by Pup Matthias
Submitted by Fred Patten, Furry’s favorite historian and reviewer.
The Companions, by Sheri S. Tepper.
NYC, HarperCollinsPublishers/Eos, September 2003, hardcover $25.95 ([vi +] 452 pages), Kindle $9.99.
In the far, far future, the galaxy is being explored and colonized, and Earth is incredibly overpopulated. The Worldkeeper Council government, supported by the humans-only IGI-HFO political majority, declares that all animals (only pet dogs, cats, and small cage birds are left by this time) are to be exterminated because they take up too much room and use up too much air. The tiny underground movement that wants to keep the animals alive, called arkists because they have accumulated spaceships to use as arks to evacuate the remaining animals from Earth, decide to take them to Treasure, the moon of a newly-discovered and poorly-explored world covered in moss, where they can be hidden in safety. Jewel Delis, the narrator, is an arkist who goes from overcrowded Earth to care for the “companions” of humans, especially the dogs.
The Companions contains dialogue, but mostly Tepper writes in long, blocky narrative paragraphs:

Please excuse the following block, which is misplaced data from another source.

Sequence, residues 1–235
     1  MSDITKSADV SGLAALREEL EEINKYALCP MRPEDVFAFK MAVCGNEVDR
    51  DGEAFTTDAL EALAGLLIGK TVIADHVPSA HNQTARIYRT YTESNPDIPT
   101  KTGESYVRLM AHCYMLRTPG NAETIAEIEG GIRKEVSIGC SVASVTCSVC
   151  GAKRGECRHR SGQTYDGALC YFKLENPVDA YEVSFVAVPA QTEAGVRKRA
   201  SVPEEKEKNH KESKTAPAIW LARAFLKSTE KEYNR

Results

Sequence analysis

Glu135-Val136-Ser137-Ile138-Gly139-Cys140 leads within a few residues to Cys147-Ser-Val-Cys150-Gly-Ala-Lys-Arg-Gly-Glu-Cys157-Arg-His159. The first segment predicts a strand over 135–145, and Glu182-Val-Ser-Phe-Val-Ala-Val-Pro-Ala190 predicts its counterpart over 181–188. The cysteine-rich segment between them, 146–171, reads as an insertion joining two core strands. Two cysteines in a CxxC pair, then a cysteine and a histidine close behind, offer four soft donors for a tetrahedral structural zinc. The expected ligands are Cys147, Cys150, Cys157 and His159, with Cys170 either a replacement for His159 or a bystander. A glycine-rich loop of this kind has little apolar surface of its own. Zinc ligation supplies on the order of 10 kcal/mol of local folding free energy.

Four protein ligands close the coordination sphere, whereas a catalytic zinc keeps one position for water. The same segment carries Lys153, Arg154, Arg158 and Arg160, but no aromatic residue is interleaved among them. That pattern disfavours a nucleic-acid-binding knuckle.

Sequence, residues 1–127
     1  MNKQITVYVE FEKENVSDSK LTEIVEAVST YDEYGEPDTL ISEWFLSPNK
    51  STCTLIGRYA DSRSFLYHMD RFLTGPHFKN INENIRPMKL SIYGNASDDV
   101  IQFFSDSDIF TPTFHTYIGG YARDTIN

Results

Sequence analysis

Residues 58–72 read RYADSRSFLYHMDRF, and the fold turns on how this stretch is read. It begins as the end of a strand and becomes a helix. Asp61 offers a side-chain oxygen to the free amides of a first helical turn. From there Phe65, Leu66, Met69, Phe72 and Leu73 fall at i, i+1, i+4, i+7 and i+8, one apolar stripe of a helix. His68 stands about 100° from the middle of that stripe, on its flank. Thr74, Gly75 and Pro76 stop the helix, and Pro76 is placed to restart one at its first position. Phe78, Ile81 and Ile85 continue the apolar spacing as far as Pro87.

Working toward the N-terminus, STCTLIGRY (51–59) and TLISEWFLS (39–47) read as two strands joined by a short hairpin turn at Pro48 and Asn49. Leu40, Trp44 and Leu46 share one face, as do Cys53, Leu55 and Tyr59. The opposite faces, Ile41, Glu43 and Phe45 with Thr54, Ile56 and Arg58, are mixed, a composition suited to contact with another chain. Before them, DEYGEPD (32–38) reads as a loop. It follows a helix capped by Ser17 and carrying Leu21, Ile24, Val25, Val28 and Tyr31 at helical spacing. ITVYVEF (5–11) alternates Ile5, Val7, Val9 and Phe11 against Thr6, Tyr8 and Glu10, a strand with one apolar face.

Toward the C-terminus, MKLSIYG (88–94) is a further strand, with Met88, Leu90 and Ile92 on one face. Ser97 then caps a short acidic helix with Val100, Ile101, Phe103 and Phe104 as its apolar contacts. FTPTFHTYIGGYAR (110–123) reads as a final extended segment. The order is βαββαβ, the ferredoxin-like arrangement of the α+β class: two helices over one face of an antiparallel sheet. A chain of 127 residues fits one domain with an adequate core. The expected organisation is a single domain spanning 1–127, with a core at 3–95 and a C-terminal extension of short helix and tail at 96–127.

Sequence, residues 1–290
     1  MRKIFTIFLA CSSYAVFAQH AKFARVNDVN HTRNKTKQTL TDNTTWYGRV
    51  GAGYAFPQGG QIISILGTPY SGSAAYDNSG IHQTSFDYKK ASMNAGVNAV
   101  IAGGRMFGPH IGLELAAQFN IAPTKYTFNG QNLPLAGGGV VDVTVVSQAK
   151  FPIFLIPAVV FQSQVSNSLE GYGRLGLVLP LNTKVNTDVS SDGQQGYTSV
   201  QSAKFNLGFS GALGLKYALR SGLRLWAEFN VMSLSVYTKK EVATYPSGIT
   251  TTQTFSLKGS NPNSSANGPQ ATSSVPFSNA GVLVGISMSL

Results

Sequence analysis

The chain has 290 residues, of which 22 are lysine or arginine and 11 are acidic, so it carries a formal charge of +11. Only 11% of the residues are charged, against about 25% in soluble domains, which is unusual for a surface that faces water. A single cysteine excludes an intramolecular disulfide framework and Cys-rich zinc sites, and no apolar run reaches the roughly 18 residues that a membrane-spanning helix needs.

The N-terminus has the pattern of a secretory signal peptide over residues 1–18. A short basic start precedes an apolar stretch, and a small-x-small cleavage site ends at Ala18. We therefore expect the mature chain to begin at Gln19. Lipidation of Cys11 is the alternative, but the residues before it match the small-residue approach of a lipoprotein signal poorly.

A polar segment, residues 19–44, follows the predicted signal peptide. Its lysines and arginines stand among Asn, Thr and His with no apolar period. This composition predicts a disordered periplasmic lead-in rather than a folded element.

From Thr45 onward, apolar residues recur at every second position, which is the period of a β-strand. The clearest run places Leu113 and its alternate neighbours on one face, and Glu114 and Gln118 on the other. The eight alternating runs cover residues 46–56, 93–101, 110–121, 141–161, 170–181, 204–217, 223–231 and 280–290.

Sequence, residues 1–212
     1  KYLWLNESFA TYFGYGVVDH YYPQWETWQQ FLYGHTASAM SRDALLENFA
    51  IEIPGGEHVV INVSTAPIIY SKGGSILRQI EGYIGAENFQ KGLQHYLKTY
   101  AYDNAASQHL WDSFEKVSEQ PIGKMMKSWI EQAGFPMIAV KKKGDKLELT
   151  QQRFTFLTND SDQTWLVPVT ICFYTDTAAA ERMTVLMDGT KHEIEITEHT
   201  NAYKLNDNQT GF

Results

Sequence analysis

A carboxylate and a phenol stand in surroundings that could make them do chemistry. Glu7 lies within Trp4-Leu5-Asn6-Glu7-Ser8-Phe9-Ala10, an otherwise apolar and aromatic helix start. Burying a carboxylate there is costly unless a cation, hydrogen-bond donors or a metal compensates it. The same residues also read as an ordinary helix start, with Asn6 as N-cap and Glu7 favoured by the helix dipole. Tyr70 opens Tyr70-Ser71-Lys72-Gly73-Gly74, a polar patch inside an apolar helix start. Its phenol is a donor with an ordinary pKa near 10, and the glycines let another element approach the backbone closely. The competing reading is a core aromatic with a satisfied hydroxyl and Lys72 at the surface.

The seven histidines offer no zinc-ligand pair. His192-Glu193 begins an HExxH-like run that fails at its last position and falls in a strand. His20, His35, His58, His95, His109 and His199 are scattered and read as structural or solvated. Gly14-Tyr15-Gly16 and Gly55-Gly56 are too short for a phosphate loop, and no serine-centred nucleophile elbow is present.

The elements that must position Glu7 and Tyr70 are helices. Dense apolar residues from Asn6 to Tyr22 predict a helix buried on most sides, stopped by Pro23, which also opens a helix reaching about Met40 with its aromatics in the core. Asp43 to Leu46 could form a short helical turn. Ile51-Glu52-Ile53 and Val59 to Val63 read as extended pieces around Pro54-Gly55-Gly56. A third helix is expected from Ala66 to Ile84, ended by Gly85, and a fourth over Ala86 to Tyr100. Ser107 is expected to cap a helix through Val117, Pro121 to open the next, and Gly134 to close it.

“Earth scared me at first. The towers were huge, each a mile square and more than two hundred stories high. Podways ran along every tenth floor, north on the east side of each tower and south on the west side. Up one level, they went west on the north side and east on the south side. They stopped at the pod lobbies on each corner, so when you were on one, it went woahmp-clatter, rhmmm, woahmp-clatter, whoosh. That’s a pod-lobby stop, a slow trip across the street, another pod-lobby stop, then a mile long whoosh, very fast. The pod-lobbies were full of people, too, and that’s the clatter part, the scary part. Taddeus and I saw more people in one pod-lobby than we’d ever seen together anywhere on Mars, and many of them were dressed in fight colors: Tower 59 against Tower 58, Sector 12 against Sector 13, all of them pushing and shoving and tripping over each other. Often they got into fights or screaming fits. It took us a while to figure out how to dodge them and keep out of their way, but when we got good at it, it turned into a kind of game, and we rode the podways for fun. It was a lot safer than it sounds, because there are so many monitors on the pods that people are afraid to do anything really wicked unless they’re over the edge. Tad and I thought part of the fun was spotting people that were about to go over the edge. We could almost always tell.” (p. 18)